Book Hangovers

I’ve been binge-watching Jen Campbell’s amazing YouTube/BookTube videos during the last few days and I came across one about Book Hangovers.

I can’t be the only one who has just discovered this term for this experience, can I? Either way, I’m glad I can finally put a ‘name’ on that feeling.

A Book Hangover is essentially that feeling of being unable to read (or at least properly get into) a new book because you just can’t stop thinking about the book you’ve just finished reading. Whether for good or for bad reasons, you just can’t let go of that book.

So I thought, to mix things up on the blog, while I’m slowly but surely working my way through Dracula, I’d write up about some of my Book Hangovers.

(I’m leaving out the Harry Potter series and duMaurier’s books, because as my favourites, I consider it cheeky to include them, and I talk a lot about them anyway).

It’s rather long, so I hope you enjoy it. Would love to hear about any books you’ve had similar experiences with!

So, here goes:


White Teeth, by Zadie Smith

My book hangover for this amazing novel resulted in me making a colour-coded diagram of how the characters were connected. I had to make it clear in my head, because I couldn’t believe how intricately this plot was structured.

Connection and interaction is a significant ‘theme’ of White Teeth. Relationships between parents and children, husbands and wives, siblings, friends; the relationships between people and places, specifically Britain’s relationship with people who were born in countries it once colonized.

It’s a book that is both vast in scope and intricate in depicting the minutiae of life. Just writing this has made me want to re-read it again.

To Kill A Mockingbird, by Harper Lee

I first encountered this book while studying my GCSE’s (10 years ago now!) and I’m still hung up on it. This was the book that really made me take note of how powerful language and stories can be. Structurally, I was awed by how the retrospective narrative shapes what we are told, and how we take in the story. The characters blew me away – for the first time, it felt like I could know any one of them, or be any one of them, even though the setting is very specific in space and time. Everything just felt so real -the emotions, the dialogue, the events.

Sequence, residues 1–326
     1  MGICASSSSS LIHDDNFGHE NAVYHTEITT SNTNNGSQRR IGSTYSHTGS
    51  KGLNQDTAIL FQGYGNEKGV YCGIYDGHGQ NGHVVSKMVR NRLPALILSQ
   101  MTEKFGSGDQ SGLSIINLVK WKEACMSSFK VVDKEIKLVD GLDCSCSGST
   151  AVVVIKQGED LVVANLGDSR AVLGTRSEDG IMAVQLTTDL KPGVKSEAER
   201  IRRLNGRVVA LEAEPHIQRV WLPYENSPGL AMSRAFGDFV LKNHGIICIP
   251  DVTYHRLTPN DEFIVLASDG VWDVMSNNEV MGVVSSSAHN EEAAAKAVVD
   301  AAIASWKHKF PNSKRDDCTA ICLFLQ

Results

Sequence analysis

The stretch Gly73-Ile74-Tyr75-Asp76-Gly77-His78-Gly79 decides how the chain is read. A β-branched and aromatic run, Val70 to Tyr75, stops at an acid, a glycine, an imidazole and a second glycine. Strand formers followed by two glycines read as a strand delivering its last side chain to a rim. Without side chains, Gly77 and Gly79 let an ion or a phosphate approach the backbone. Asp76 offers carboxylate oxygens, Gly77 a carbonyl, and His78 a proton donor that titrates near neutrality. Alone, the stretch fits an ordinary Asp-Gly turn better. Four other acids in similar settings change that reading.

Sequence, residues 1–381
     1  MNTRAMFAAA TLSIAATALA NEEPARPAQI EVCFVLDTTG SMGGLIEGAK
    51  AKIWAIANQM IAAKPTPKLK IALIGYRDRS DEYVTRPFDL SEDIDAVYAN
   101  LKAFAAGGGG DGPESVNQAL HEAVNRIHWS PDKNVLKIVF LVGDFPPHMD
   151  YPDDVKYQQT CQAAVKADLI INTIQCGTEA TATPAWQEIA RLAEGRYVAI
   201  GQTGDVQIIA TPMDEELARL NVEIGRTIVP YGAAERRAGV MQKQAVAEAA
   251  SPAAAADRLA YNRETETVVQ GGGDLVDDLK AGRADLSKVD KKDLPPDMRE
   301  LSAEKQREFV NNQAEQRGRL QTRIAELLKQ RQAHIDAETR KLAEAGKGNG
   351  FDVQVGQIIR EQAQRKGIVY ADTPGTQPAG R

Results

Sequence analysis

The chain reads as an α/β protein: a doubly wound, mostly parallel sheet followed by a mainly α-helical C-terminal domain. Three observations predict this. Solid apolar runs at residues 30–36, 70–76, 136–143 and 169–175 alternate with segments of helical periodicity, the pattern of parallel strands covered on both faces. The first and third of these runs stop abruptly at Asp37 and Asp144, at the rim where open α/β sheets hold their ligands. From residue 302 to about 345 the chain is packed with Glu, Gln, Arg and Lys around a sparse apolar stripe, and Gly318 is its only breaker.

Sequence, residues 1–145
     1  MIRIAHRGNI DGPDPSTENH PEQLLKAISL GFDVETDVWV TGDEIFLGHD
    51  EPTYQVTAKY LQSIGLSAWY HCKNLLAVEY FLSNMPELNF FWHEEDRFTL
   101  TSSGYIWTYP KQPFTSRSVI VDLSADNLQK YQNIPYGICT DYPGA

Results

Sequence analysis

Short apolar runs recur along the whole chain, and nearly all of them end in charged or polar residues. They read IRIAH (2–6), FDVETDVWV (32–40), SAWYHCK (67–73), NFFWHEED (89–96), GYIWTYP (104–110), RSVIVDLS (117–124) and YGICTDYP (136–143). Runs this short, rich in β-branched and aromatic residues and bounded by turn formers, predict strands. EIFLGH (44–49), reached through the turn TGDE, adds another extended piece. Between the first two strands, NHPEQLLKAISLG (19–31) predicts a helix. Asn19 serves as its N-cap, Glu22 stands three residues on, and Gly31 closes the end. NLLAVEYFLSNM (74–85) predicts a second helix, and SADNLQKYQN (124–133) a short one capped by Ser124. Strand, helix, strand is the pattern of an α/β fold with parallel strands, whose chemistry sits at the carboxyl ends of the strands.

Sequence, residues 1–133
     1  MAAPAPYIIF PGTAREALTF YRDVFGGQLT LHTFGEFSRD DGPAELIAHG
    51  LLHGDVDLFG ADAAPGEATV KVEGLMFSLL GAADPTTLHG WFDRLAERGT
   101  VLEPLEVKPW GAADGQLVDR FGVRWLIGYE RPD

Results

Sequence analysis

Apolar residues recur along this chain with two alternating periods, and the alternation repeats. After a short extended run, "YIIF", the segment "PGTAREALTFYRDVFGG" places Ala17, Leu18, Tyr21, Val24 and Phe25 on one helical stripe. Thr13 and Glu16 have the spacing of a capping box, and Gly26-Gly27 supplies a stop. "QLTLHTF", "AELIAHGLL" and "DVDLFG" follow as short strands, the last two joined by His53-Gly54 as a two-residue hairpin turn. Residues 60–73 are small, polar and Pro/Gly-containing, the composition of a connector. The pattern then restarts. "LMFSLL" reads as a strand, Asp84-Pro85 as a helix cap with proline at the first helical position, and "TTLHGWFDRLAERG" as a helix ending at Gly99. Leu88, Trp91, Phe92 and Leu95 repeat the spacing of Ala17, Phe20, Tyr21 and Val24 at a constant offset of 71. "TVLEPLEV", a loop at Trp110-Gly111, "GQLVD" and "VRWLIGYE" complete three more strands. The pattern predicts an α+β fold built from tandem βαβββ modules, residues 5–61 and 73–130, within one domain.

That’s what’s stayed with me, and I read this at least once a year to go back to Maycomb and be with these characters again. I’m not going to lie, though: it’s heartbreaking that this book is becoming more relevant as time goes on, not just as a reminder of a past era, but as a reflection of the present. The recent debates surrounding it being taken off the curriculum for making people uncomfortable just prove how vital the novel still is, and how powerfully readers still connect with it.

A Room Of One’s Own, by Virginia Woolf

This might be an unpopular opinion but I find Woolf’s ‘nonfiction’ so much more accessible than her fiction. I know that a key aspect of modernism was to disrupt the reading experience, but I often find Woolf’s novels a chore to read. A Room of One’s Own, an extended essay, is a great mix of all that is spectacular about Woolf’s writing. I especially love the sense of movement that she creates – the literal movement through the university buildings and the ‘psychological movement’ through the history of women as writers and characters. It’s very ‘quotable’, and that’s partly why I found this book hard to let go of.

“Imaginatively she is of the highest importance; practically she is completely insignificant. She pervades poetry from cover to cover; she is all but absent from history.”

The Reluctant Fundamentalist, by Mohsin Hamid

One of the first novels I read at university, and still one that sticks in my mind. I listened to countless interviews and programs discussing it, read as much as I could of Hamid’s work, because I was simply bowled over by it. It’s not an especially long book, but it’s so rich with detail and power.

The story opens in Lahore. A Pakistani man, Changez, offers to help an American visitor find a good cup of tea. As they wait in the cafe, Changez begins to tell the stranger of his time living in the United States, and the effects of the 9/11 attacks on his life.

The way that suspense is built is just phenomenal, but more importantly, the ambiguity that characterises the entire book, and all of its characters, offers a stark reflection the assumptions we as readers make.

A Little Life, by Hanya Yanagihara